For the first interview in my new series, I talked with Mike Greig. Mike started the awesome personal finance site, Ninja Budgeter in 2016 and has quickly started gaining a following. It’s easy to see why. His posts about budgeting and reducing debt come from this own experiences. I hope you enjoy this interview as much as I did!
Fill the readers in on your background.
Well I’m a father to three beautiful mischievous children, and a husband to a beautiful and patient wife. When we were married in 2009, we came together with more than 40k in personal debt, which we were able to pay off completely by the summer of 2014.
I’ve had three completely different careers. I started out as an automotive mechanic, only making it to my second year of apprenticeship due to low pay and poor working conditions. After that, I began a successful 11-year career as a truck driver transporting heavy equipment. I moved large machinery (excavators, bulldozers, loaders etc.) all over British Columbia, Alberta and a little bit into Washington State.
A year and a half ago, a lot of hard work mixed with some luck landed me a new career as a Digital Marketing Manager for a small robotics company. Shortly after, I decided that I wanted to start a new blog to put my newfound marketing skills to work. That’s how NinjaBudgeter came to be.
I have been experimenting with websites since about 2010, with some of my more embarrassing examples being a failed affiliate blog about vacuum cleaners, a travel blog (I’m a full-time employed father of three who rarely travels), and a Seinfeldian personal blog about, literally nothing.
What’s the most interesting or useful financial advice you’ve ever received?
I can’t remember where I got this advice but here it goes – don’t bother earning more money until you’ve learned to manage what you have. If you’re broke on 60k per year, you would probably be broke on 120k per year. The principles of sound financial management don’t change when you have more money.
What’s one piece of financial advice you didn’t listen to, but wish you had?
Like most kids, when I was in high school we had the investment adviser come in a tell us that if we invested a couple hundred dollars per month starting right then, we’d be millionaire’s by 65. I really wish I’d known how valuable that advice was at the time. Now we’re just getting started investing in our 30s and we’re decades behind where we could be.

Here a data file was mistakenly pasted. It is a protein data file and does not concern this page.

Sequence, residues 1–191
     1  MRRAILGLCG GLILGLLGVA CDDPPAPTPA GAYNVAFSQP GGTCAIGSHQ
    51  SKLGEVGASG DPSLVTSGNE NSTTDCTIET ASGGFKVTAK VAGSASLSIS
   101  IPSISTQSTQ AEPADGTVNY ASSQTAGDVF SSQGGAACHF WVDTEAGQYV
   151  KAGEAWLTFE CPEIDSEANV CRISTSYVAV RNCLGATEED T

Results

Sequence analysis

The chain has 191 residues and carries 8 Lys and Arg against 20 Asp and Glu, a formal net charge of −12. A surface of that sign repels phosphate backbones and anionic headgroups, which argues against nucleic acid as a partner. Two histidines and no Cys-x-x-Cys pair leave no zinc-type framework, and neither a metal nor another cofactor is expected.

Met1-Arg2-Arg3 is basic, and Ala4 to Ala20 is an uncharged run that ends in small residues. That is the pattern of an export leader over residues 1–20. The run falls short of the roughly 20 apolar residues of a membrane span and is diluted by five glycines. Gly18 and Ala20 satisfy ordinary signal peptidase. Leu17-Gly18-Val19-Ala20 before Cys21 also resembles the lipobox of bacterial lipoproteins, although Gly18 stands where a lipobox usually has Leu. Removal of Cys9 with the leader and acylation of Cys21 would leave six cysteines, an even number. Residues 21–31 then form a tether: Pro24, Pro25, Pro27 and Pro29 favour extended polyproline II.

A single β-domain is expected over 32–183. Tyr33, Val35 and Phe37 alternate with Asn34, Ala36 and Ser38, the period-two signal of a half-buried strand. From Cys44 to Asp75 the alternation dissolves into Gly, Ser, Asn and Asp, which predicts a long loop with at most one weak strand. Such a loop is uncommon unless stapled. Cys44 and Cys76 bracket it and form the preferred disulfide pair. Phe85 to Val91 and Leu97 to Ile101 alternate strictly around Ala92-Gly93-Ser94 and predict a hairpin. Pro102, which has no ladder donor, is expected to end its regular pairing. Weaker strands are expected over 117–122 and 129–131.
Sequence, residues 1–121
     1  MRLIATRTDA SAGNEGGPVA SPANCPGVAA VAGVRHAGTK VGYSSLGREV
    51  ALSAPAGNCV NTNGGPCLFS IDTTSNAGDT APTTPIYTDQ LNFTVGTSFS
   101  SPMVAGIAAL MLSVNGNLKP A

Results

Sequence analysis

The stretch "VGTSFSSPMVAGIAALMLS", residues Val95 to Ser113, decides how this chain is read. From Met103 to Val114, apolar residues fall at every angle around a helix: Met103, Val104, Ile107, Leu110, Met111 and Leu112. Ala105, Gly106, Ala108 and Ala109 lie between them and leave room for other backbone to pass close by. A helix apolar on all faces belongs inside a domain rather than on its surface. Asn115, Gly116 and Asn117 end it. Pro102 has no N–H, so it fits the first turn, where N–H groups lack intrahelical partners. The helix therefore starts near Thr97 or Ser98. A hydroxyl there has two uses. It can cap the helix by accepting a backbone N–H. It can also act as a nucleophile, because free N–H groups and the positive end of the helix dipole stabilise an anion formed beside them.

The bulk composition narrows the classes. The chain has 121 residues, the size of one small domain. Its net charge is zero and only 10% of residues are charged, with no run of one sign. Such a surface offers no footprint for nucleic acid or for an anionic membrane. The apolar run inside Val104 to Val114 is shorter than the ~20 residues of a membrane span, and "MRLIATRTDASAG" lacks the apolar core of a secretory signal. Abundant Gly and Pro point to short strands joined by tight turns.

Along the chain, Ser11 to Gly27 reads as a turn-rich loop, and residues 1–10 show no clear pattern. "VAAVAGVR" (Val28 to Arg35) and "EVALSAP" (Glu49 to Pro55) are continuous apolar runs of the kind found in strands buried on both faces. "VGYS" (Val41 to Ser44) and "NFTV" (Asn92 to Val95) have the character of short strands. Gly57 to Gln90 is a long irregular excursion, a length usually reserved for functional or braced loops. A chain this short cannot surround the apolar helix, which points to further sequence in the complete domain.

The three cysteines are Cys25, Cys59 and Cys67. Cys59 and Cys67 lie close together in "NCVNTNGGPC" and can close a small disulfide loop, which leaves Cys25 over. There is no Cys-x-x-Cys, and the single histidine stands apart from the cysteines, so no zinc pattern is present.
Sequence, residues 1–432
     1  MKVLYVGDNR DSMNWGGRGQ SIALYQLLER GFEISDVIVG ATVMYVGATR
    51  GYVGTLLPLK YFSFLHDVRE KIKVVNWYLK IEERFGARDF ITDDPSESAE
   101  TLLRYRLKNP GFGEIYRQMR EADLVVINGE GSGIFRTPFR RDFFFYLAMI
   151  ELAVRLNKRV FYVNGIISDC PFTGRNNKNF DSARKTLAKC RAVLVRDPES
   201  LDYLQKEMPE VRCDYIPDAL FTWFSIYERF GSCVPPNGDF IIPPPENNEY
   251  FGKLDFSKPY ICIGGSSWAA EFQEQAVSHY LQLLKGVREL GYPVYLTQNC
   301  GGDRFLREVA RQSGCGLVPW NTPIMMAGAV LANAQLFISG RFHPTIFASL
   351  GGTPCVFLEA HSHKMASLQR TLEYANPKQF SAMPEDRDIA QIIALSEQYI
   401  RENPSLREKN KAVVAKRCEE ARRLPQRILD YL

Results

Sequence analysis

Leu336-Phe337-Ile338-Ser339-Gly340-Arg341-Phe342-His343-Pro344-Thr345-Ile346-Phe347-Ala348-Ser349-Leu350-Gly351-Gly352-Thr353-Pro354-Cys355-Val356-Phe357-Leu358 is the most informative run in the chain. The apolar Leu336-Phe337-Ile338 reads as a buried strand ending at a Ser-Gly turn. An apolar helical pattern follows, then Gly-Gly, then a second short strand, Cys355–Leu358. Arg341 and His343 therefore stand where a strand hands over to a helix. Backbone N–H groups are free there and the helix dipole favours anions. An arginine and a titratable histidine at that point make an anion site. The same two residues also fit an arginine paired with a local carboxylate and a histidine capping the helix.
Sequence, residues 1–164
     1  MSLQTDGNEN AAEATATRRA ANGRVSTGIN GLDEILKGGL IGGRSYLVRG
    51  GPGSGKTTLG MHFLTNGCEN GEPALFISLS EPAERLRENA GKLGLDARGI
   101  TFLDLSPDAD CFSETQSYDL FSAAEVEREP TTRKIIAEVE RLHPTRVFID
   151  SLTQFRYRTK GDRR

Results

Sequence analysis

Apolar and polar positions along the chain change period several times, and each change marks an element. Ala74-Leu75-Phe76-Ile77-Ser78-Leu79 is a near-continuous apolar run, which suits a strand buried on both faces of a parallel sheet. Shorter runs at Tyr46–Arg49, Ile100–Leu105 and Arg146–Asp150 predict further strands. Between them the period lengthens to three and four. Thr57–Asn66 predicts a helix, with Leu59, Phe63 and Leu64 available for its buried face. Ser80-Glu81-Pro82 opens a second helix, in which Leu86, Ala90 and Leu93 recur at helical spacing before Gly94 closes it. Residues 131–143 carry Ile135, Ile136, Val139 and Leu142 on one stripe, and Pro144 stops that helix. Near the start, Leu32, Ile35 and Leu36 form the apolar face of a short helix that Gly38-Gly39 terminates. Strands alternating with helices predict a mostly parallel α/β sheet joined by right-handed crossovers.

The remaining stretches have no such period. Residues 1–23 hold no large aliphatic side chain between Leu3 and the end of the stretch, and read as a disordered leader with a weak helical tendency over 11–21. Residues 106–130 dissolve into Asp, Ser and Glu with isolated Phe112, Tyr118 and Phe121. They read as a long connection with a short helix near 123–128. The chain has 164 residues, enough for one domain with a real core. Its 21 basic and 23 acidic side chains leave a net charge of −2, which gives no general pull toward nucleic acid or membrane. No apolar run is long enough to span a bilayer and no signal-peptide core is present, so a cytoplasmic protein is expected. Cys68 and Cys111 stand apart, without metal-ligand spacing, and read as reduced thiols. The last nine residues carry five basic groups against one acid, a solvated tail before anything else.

What’s the best book (can be non-financial) you’ve ever read? Why?
I’ll do one of each. My favorite financial book is The Wealthy Barber by David Chilton. My favorite non-financial book is Pillars Of The Earth by Ken Follett. It’s historical fiction, and it’s amazing.
You write a lot about budgeting and reducing debt. What’s your #1 tip for getting out of debt?
My best tip to get out of debt is to have a written plan for how you’re going to make it happen. It doesn’t matter what your plan is, debt snowball, highest interest first, start with companies who’s name rhymes with yours. The point is, have a plan. Track your progress, learn from your failures and celebrate your wins.
What’s one thing people would be surprised to know about you?
As an internet stranger, I don’t know what people would be genuinely surprised about, but I’ll list a few of my more interesting points.
- In 2013, I converted a Geo Metro to electric. Total cost was less than $4000
- I’m a licensed pilot.
- My social circle doesn’t know about my blog. I wanted to grow it organically without putting it out there for my friends and family to see. A select few know, but I’ve never shared it on my personal social accounts. I’m waiting for the day when somebody I know in real life finds it and says something haha.
What’s the craziest thing you’ve ever done to save money?
That would have to be riding a motorcycle year-round in Canada. Even though I’m on the West Coast (the warmest place in Canada), it gets way too cold here to ride a bike year round. I was getting 75mpg though, who can argue with that? Here’s proof!
I like to use the Personal Capital app to track all my investments. What’s your favorite personal finance app? What’s its best feature?
Honestly, I don’t use any personal finance apps. I’ve wanted to try Personal Capital for a while, but our system of using a simple Google spreadsheet has served us well for so long, I’m reluctant to switch to a more high-tech solution that will undoubtedly result in more time spent looking at our phones.
Want to read more of Mike’s work? Check out Ninja Budgeter!